The Egyptians used the art of illumination in one of the first books known: The Book of the Dead, written in 1310BC. Illuminated manuscripts included combined illustration with elaborate and intricate lettering. The use of gold leaf enhanced the beauty of these manuscripts for many of the letters and the illustrations, making them "reflect the light and appear to glow." Gold leaf lettering is an art requiring much practice and there are three main ways to do it.
Albumen or Egg White Method
One method of gold leaf lettering is to incorporate albumen or egg white. Draw the letter to which you wish to apply gold leaf with a pen or pencil. Separate the white from the yolk of an egg and beat it thoroughly. Apply the beaten egg white to the letter you have outlined with a brush. When the egg white dries, heat the area until it's nearly 93.3 degrees C and transfer the gold leaf to it with a brush. The heat creates a bond between the gold and the albumen, so the gold leaf will stick. Remove any excess gold leaf by dabbing it gently with a cotton ball.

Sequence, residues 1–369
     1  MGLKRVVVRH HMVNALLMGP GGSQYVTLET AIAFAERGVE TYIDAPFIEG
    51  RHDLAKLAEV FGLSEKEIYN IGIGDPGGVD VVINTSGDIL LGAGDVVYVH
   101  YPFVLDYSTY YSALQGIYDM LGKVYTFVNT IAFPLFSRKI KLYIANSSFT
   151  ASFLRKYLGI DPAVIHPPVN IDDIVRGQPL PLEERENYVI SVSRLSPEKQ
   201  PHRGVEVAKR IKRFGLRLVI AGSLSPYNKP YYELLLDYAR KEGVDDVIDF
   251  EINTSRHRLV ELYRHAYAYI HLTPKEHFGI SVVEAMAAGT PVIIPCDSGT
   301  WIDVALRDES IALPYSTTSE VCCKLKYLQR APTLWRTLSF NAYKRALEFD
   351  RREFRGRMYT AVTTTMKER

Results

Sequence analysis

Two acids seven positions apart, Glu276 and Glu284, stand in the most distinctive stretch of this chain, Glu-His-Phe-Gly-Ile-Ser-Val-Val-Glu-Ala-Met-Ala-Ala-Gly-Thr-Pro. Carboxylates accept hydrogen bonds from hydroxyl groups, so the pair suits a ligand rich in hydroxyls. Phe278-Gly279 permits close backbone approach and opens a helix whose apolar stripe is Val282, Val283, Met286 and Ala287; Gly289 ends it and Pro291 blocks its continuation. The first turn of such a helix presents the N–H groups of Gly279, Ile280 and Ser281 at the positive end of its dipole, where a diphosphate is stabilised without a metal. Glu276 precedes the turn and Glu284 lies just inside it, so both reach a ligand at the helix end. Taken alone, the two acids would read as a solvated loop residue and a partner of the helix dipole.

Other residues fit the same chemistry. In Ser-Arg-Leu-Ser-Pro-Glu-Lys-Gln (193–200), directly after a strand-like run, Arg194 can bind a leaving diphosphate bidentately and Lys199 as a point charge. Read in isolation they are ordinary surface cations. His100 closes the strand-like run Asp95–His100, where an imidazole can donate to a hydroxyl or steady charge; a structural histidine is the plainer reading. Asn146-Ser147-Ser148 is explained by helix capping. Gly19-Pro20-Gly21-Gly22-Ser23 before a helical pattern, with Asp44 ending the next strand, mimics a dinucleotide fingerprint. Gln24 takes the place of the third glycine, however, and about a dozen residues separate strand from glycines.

Gold Leaf Printing
Pin the paper you wish to print with gold leaf to the type pan of your hand press. Print all the other colours before applying the gold leaf. If you prefer, you can even apply a coat of varnish. Cover the type with paper, then lay the gold leaf on the paper and apply pressure. The pressure must have enough force to make the gold leaf adhere to the paper. Remove any excess gold leaf by dabbing it gently with a cotton ball.
Apply varnish to the area where you wish to apply gold leaf. Outline the letter to gold leaf as you would with the egg white method. Apply a coat of varnish within the outline. Allow the varnish to get tacky but not completely dry. Carefully shake the powered gold leaf onto the varnish.
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